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Copyright Act preempts state law privacy claims


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By Sean McLean


A former professional wrestler sued the group of sports television networks known collectively as ESPN in a Missouri state court for their re-telecast of his wrestling performances.  The wrestler claimed that ESPN failed to obtain his consent to the use of his identity, likeness, name, nick name, or personality to depict him in any way.  

As such, the wrestler asserted the following four state law claims against the networks: (i) invasion of privacy, (ii) misappropriation of name, (iii) infringement of the right to publicity, and (iv) interference with prospective economic advantage.  After getting the case to federal court, ESPN responded with a request to dismiss the wrestler’s claims on the grounds that they are preempted by the Copyright Act, due to the network’s ownership of the wrestling film copyrights.  The federal trial court dismissed the case and the wrestler appealed.


Copyright subject matter
The Copyright Act defines the subject matter of a copyright generally as original works of authorship fixed in any tangible medium of expression from which they can be perceived, reproduced, or otherwise communicated, either directly or with the aid of a machine or device.  Works of authorship include motion pictures and other audiovisual works.  

The court quoted the Copyright Act: “A work is fixed in a tangible medium of expression when its embodiment in a copy or phonorecord is sufficiently permanent or stable to permit it to be perceived, reproduced, or otherwise communicated for a period of more than transitory duration.”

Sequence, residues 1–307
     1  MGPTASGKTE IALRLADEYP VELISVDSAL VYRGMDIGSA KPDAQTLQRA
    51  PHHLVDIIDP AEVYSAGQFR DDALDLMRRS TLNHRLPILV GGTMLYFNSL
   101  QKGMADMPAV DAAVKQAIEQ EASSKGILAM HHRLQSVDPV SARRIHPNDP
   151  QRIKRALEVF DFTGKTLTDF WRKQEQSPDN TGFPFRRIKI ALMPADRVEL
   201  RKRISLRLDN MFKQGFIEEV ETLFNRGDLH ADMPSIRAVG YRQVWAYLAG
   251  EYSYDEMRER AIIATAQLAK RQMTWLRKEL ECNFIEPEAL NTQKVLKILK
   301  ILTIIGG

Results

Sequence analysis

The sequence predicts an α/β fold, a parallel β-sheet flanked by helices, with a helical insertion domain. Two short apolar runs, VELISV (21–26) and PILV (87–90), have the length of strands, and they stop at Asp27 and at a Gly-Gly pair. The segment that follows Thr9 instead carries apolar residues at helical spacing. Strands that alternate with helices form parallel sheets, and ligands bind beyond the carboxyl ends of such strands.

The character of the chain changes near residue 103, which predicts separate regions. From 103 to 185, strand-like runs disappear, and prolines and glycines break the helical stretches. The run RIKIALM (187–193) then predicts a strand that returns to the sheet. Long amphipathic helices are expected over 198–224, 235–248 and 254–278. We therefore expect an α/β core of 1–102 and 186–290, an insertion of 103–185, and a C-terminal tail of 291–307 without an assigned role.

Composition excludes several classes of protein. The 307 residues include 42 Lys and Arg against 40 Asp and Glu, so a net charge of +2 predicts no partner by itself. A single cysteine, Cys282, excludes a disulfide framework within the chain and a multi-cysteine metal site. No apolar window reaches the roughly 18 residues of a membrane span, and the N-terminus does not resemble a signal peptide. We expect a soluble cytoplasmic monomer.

Rights under Copyright Act
The Copyright Act gives copyright owners exclusive rights to do and to authorize among other things, the reproduction of the copyrighted work in copies or phonorecords; the preparation of derivative works based upon the copyrighted work; the distribution of copies or phonorecords of the copyrighted work to the public by sale or other transfer of ownership, or be rental, lease, or lending; and the display of certain copyrighted work publicly.

The U.S. Court of Appeals in St. Louis found that the filming of the wrestler’s wrestling performances clearly generated an original work of authorship that was fixed in a tangible medium of expression and could be perceived, reproduced, or otherwise communicated.  Therefore, the films were within the subject matter of the Copyright Act.  


Furthermore, the wrestler’s likeness could not be detached from the copyrighted performances that were contained in the films and was not used in an advertisement to promote commercial products without his permission.  Accordingly, the court held that the Copyright Act preempted the wrestler’s state law claims, which meant that those claims were properly dismissed.



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